Common Cause Launches End Gerrymandering Pledge in Support of Fair Maps
- Kati Phillips c: 773-392-3809 firstname.lastname@example.org
WASHINGTON D.C. – Eric H. Holder, Jr, the 82nd Attorney General of the United States, and Former California Governor Arnold Schwarzenegger today signed the End Gerrymandering Pledge, a new initiative of Common Cause to advance fair redistricting reform that is transparent, nondiscriminatory and politically impartial in advance of the 2020 Census.
“The fight to end gerrymandering and support fair maps should not be a partisan issue,” said Holder. “The American people deserve fair elections decided by who has the best ideas, not which party was in charge of drawing the lines. It’s time to end the era of politicians choosing their voters and give that power back to the people where it belongs.”
The pledge launch came Tuesday during a dialogue between Holder and Schwarzenegger at the National Press Club. The two leading voices in the redistricting movement met following oral arguments in two landmark redistricting cases at the U.S. Supreme Court. Rucho v. Common Cause challenges a Republican gerrymander in North Carolina, while Lamone v. Benisek challenges a Democratic gerrymander in Maryland. Together, they are considered the best test cases for the Supreme Court to declare partisan gerrymandering unconstitutional.
“We pledge to do everything we can, to fight in every state, to leave no stone unturned in the fight against the 200-year-old scam of gerrymandering,” Schwarzenegger said. “The first three words of the Constitution are ‘We the people’ – not ‘we the politicians’ and it is time to give the people fair maps and the representation they deserve.”
The End Gerrymandering Pledge was developed by Common Cause to get prominent national leaders — including elected officials in every state and of all political persuasions — to commit to advancing non-partisan, non-discriminatory, and non-secretive redistricting across the United States. It targets state legislators who control map-drawing in most states, incumbent members of Congress who benefit from safe seats drawn by partisan map-makers and citizens who ultimately will hold their elected officials accountable for reforms.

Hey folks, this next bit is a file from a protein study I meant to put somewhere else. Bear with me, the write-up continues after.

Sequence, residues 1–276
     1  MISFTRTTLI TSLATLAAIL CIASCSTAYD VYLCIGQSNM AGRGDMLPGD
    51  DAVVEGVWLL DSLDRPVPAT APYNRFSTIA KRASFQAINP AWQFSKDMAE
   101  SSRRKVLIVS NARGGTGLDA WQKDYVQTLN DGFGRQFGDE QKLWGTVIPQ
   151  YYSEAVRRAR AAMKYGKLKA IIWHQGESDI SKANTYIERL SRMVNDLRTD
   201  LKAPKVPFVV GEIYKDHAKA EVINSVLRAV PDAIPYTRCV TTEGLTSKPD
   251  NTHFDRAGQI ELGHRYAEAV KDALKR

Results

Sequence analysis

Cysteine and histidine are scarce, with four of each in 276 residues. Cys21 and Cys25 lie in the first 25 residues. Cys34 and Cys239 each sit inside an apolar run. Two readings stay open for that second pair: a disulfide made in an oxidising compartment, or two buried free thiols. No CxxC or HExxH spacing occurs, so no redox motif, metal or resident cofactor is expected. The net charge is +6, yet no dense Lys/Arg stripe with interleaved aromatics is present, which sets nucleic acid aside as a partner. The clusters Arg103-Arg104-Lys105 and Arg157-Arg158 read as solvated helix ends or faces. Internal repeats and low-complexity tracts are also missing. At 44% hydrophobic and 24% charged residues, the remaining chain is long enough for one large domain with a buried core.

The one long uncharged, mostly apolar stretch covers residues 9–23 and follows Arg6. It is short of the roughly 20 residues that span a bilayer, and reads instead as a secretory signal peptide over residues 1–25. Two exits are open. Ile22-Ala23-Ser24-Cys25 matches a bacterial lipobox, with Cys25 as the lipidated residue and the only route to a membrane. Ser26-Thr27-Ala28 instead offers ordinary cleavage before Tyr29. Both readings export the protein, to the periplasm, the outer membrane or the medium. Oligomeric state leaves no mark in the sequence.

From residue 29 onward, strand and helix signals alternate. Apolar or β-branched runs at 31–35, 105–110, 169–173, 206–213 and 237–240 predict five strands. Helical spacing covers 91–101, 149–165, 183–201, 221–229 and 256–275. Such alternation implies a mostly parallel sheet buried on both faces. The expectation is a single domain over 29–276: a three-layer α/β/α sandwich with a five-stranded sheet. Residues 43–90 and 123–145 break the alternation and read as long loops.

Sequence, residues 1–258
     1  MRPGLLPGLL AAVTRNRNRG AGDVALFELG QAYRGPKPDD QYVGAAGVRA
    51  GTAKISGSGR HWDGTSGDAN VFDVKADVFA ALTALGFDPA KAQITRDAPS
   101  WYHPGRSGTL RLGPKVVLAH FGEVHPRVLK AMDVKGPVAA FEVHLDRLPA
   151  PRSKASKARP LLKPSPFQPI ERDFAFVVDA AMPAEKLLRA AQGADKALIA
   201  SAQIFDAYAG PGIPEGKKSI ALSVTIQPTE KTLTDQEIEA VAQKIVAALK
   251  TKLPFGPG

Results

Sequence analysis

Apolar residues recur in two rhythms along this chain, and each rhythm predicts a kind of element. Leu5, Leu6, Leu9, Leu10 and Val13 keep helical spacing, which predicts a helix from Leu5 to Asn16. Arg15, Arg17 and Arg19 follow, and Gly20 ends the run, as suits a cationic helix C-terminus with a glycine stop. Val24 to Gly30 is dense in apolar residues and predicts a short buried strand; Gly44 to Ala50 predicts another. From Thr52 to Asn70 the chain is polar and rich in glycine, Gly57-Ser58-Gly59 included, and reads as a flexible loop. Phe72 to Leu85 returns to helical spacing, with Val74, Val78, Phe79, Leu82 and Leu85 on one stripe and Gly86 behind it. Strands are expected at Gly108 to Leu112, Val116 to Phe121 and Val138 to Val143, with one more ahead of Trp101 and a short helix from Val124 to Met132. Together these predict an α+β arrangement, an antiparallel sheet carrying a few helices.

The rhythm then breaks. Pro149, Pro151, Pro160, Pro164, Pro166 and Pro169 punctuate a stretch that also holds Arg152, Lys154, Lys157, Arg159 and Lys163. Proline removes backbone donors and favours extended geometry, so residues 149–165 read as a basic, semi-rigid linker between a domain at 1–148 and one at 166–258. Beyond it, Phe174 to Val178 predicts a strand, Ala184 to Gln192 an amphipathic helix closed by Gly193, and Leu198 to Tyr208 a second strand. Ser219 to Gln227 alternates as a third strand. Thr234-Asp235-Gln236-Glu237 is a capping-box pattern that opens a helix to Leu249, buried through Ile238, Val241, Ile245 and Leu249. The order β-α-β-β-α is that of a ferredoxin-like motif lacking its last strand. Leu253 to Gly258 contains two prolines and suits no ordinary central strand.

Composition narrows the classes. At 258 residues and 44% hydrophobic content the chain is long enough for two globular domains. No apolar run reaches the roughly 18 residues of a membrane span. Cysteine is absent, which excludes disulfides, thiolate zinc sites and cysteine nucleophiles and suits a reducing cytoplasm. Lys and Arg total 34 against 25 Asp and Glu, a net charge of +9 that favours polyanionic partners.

Timing is critical. Redistricting is a once-in-a-decade process of drawing legislative and congressional district boundaries to ensure each district has equal population. Only 17 states have any checks and balances on redistricting, and only seven give the map-drawing power to citizens commissions. By far, most states give map-drawing power to the political party in power. Reforms need to be in place before the next round of map-drawing begins in the wake of the 2020 Census.
“As 2020 rapidly approaches, redistricting reform is more critical than ever,” said Kathay Feng, national redistricting director for Common Cause. “We are working to change laws, create technology, and engage citizens to draw districts that fairly represent a state’s communities and changing demographics. The pledge is designed to help hold elected officials accountable.”
The End Gerrymandering Pledge is national, but related advocacy work will target states with pending redistricting reform legislation or ballot measures. States such as Indiana, Maryland, Minnesota, Nebraska, New Jersey, North Carolina, Pennsylvania and Virginia and others could pass legislation in 2019-20, while states like Oregon and Arkansas may go the ballot route.
To sign the pledge, visit www.endgerrymanderingpledge.org.
The EndGerrymanderingPledge.org Project is supported by Common Cause, The USC Schwarzenegger Institute for State and Global Policy, National Redistricting Foundation, League of Women Voters of United States, and with special thanks to the Stiefel Freethought Foundation.